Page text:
Pinnagoda et al. (2016) delivered data from the longest reported follow-up after partial completion of urethral replacement with a tissue-engineered acellular graft. In this study, the rabbit urethra was reconstructed with a double-layer collagen scaffold expected to support regeneration and simultaneously prevent the graft from collapsing under the pressure generated by forming a scar. After nine months, the histological analysis revealed a well-regenerated urethral wall with stratified epithelium and an abundance of muscle cells. This promising result should be approached cautiously because the collagen scaffold was approximately 1.3 mm thick. In this case, the regenerating area could be passively perfused by neighboring tissue, preventing the development of ischemia. In general, 1 mm–2 mm is a limit value for efficient oxygen exchange and diffusion derived from the local blood supply (Moon and West, 2008). In terms of greater distances, the hypoxic zone promotes a fibrotic response. For a clinical application, a collagen scaffold approximately 1 mm thick does not provide efficient mechanical endurance for urethral surgery; the estimated young modulus was approximately seven kPa, which corresponds to human liver tissue. On the other hand, the mechanical properties of scaffolds created from liquid collagen are challenging to balance due to the tendency during collagen solution dehydration to form rigid structures with a high young modulus (Meyer, 2019).

Nowadays, biomaterial science still struggles to replicate the high biocompatibility of naturally derived biomaterials and implement them as a fabricated scaffold for tissue engineering. AMA is a promising biomaterial with an abundance of unique properties (low immunogenicity, promotion of epithelization, anti-inflammatory properties, angiogenic and antiangiogenic properties, antifibrotic properties, antimicrobial properties, and anticancer properties) (Adamowicz et al., 2019b). Despite excellent application potential, it remains a relatively unknown biomaterial for the urological community.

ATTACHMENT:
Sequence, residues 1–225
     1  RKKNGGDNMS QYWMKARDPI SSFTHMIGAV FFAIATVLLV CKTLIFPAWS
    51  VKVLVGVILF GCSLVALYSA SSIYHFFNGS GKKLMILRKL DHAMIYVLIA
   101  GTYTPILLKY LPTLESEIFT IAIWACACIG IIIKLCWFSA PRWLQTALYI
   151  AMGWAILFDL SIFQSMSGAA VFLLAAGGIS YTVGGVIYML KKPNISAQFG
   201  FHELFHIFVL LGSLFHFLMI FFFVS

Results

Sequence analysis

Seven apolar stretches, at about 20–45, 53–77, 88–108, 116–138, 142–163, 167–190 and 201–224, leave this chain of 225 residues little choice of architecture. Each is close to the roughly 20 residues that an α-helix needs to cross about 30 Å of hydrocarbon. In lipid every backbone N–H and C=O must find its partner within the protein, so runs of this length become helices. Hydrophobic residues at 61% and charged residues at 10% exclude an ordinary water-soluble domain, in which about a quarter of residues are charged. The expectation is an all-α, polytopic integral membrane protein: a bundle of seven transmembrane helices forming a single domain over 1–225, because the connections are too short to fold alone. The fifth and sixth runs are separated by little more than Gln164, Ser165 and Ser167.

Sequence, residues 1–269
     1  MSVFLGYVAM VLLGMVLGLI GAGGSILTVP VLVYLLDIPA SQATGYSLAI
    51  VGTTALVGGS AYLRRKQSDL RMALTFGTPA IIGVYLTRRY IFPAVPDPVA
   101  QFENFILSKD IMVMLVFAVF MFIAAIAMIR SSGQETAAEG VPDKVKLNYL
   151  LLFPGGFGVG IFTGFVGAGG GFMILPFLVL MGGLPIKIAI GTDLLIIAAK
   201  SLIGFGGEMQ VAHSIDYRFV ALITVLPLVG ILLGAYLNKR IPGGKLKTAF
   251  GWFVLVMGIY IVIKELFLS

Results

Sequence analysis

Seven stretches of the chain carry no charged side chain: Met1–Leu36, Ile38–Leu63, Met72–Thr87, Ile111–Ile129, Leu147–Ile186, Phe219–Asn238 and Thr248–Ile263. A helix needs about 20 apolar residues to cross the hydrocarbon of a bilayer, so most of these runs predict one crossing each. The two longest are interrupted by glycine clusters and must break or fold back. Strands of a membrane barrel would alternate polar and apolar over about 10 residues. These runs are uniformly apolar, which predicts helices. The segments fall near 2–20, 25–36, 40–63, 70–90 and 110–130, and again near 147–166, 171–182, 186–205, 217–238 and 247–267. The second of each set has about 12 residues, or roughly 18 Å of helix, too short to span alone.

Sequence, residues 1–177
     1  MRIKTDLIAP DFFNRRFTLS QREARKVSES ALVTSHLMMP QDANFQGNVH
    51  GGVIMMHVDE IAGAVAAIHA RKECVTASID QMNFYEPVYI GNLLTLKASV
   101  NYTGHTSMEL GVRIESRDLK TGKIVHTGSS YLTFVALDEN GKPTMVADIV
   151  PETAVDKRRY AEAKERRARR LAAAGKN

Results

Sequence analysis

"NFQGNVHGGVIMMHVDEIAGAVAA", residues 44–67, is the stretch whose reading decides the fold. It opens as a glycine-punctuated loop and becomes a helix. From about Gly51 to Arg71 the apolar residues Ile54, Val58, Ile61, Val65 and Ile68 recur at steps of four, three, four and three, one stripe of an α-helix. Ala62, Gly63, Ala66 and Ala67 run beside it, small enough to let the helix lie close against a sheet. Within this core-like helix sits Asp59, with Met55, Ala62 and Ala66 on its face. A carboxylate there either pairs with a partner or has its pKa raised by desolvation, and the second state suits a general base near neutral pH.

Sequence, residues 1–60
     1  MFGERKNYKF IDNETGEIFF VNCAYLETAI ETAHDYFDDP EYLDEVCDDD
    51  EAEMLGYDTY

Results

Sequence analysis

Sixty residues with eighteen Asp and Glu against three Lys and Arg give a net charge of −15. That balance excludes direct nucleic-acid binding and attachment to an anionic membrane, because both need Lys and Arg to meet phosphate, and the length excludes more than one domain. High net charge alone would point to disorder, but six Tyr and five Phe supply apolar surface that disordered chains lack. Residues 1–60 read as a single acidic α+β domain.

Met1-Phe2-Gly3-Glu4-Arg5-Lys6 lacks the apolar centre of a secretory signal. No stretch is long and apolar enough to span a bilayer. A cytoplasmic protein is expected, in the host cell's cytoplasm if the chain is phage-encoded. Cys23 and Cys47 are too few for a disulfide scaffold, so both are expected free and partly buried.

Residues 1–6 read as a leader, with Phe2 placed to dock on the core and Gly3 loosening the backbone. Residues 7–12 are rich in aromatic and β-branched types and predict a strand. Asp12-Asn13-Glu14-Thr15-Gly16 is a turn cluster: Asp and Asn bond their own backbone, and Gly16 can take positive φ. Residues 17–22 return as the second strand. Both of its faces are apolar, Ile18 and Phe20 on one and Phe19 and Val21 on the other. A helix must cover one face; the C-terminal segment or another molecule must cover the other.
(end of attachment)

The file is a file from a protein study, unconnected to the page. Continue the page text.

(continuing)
Ophthalmologists, on the other hand, routinely apply AM as a biological wound dressing for the treatment of corneal injury (Dua et al., 2004). AM grafts were utilized for urethral wall replacement in several studies using small animal models (Shakeri et al., 2009) (Güneş et al., 2017). All of them underline excellent AM properties and the ability to induce local regeneration. Nevertheless, the research data derived from these reports has low translational potential because of insufficient research group numbers, essential diagnostic tools, and the heterogenic model of urethral injury. Admittedly, two short reports show the feasibility of using AM for urethroplasty in humans (Koziak et al., 2007) (Koziak et al., 2004). Although these papers presented a novel method, the leading concept of the studies (conducted on a few patients) was instead to demonstrate extravagance surgery rather than to change the current management dependent on buccal mucosa.